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The Advantages for Health Saving Accounts (HSAs): Employees find balance between health and wealth
The Advantages fo Health Saving Accounts (HSAs): Employees find balance between health and wealth
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The Coronavirus Aid, Relief and Economic Security (CARES) Act was signed into law by the President on March 27, 2020. A full overview of the provision and its impact on employers is available here.
As a reminder, Alight is not a law firm and does not give legal or tax advice. This information is not a substitute for legal advice applicable to an employer’s specific situations and plans. We suggest employers consult with their legal counsel for guidance.
The CARES Act includes significant provisions which will impact both defined contribution (DC) and defined benefit (DB) plans. Highlights of key provisions include:
DC Plan provisions:
Creates a new coronavirus-related distribution up to $100,000 that is exempt from 10% early withdrawal penalty. The flexibility applies to distributions taken at any point in 2020, and participants can opt to repay all or a portion of the distribution within 3 years.
Increases the maximum loan amount available from $50,000 or 50% of vested balance to $100,000 or 100% of vested balance. The new loan provision expires 180 days after the CARES Act was signed into law.
Permits delay of loan repayments due between March 27 and December 31, 2020 by one year.
Waives DC RMDs due in calendar year 2020.
DB Plan provisions:
Allows single-employer pension plans to delay payments due in 2020 until January 2021 (includes interest).
Extends a plan’s status for benefit restrictions as of December 31, 2019 through 2020.
How does a participant become a “qualified individual” eligible for coronavirus-related distribution, new loan and loan repayment provisions?
Participants are required to self-certify that they meet one or more of the following criteria:
Diagnosed with the virus SARS-CoV-2 or with coronavirus disease 2019 (COVID-19) by a test approved by the Centers for Disease Control and Prevention,
Spouse or dependent is diagnosed with such virus or disease, or
Experience adverse financial consequences as a result of being quarantined, being furloughed or laid off or having work hours reduced due to such virus or disease, being unable to work due to lack of child care due to such virus or disease, closing or reducing hours of a business owned or operated by the individual due to such virus or disease, or other factors as determined by the Secretary of the Treasury.
Are qualified DC plans required to adopt the distribution, new loan or loan repayment provisions in the CARES Act?
No, the retirement provisions in the CARES Act are optional.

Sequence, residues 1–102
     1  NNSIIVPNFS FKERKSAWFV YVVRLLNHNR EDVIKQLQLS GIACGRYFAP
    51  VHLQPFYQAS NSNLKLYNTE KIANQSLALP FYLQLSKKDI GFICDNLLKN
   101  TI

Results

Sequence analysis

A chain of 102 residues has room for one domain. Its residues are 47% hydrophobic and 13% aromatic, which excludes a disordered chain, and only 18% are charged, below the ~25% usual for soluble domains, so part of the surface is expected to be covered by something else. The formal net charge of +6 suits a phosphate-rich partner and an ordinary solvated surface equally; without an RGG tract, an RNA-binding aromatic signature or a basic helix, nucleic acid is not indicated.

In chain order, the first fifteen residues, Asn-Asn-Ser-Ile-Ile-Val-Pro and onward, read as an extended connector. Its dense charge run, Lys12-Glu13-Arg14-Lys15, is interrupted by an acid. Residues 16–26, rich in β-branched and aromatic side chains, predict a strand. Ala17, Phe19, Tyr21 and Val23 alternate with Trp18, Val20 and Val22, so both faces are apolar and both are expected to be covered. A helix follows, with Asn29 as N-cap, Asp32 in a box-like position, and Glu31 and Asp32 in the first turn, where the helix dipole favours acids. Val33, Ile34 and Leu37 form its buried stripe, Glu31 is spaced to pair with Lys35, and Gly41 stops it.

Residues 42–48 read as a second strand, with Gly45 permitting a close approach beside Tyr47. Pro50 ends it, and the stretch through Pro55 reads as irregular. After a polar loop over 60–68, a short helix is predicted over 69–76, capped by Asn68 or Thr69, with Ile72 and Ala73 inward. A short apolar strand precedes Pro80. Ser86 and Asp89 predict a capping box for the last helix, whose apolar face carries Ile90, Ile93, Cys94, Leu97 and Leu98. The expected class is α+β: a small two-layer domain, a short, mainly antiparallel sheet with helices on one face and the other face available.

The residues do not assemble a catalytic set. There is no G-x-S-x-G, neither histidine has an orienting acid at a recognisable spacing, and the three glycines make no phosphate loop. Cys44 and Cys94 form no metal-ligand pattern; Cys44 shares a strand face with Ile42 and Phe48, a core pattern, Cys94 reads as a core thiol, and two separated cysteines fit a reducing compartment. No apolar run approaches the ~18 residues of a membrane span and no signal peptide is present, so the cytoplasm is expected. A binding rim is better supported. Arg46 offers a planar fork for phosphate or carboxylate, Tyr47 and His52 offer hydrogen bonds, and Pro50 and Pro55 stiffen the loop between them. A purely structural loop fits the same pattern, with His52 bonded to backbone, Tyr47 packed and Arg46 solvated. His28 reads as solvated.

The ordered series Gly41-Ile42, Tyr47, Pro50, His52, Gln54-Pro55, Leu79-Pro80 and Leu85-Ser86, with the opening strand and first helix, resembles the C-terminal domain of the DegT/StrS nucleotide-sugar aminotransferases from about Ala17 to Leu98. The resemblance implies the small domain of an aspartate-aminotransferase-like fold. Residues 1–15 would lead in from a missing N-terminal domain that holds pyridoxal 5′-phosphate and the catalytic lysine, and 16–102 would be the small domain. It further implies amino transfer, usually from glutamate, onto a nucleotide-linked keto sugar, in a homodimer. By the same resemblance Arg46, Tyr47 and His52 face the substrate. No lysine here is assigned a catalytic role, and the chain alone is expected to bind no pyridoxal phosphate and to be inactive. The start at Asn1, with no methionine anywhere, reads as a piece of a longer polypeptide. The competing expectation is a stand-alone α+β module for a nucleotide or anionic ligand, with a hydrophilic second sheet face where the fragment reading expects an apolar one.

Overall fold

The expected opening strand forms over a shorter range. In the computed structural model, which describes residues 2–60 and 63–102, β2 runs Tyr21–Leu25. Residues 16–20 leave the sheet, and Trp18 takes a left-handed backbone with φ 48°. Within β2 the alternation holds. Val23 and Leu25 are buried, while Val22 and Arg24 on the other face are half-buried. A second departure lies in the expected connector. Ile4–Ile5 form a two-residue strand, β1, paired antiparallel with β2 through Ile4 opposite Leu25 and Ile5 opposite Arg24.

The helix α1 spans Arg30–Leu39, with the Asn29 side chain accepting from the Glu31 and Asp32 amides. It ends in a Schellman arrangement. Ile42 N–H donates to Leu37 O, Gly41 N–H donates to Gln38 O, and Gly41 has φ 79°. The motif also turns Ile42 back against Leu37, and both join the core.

What administrative steps can employers take to prepare participants who may be thinking about taking a withdrawal or loan?
Encourage employees to keep contact information up to date with their employer and plan service providers. Updating mobile phone number, email, postal addresses, and financial institution information ensures a more streamlined process if a participant elects to take any type of payment. This also supports faster and more efficient electronic-based communications and direct deposit of payments within a plan’s security procedures.
Employers may also consider reminders to participants to review and keep their benefit plan beneficiary information updated.
Does the required minimum distributions relief apply to DB plans?
The required minimum distribution relief included within the CARES Act does NOT apply to DB plans.
Does the coronavirus-related distribution provision apply to DB plans?
It isn’t altogether clear. DB plans are ‘eligible retirement plans’ as referenced within the CARES Act but the design and intent of the coronavirus-related distribution provisions more closely align with a DC plan design. Aside from hybrid plans (cash balance or pension equity plans), DB plans generally don’t allow a distribution of vested accrued benefits at any time after separation from service; a participant must meet the plan’s early retirement eligibility to take payment early. In the absence of agency guidance, the legal employee benefits community appears to be interpreting the Act’s optional COVID-19 distribution provision as applying only to DC plans. However, retirement plan sponsors should consult their legal counsel.
Is there an extension for the Annual Funding Notice deadline?
As of April 1, 2020, 2:30 pm Central, the Department of Labor (DOL) has not issued an extension to the Annual Funding Notice deadline. The deadline is 120 days after the plan year end. For calendar year plan years, the 2020 deadline is April 29 (due to leap year). The CARES Act includes a provision expanding the conditions under which the DOL can postpone the deadline to include a public health emergency.
What is the single-employer pension plan funding relief?
Minimum required contributions for 2020 for single-employer pension plans are delayed until January 1, 2021. Interest accrues from when each contribution was originally due until the payment date, using the interest rate in effect for the plan year which includes the payment date.
What is the relief regarding benefit restriction status?
Single-employer plans can use the adjusted funding target attainment percentage (AFTAP) as of the last day of the plan year that ended prior to January 1, 2020 as the AFTAP for plan years which include the calendar year 2020.
Visit Alight’s COVID-19 Employer Updates page regularly for new information and developments to help employers navigate during this uncertain time.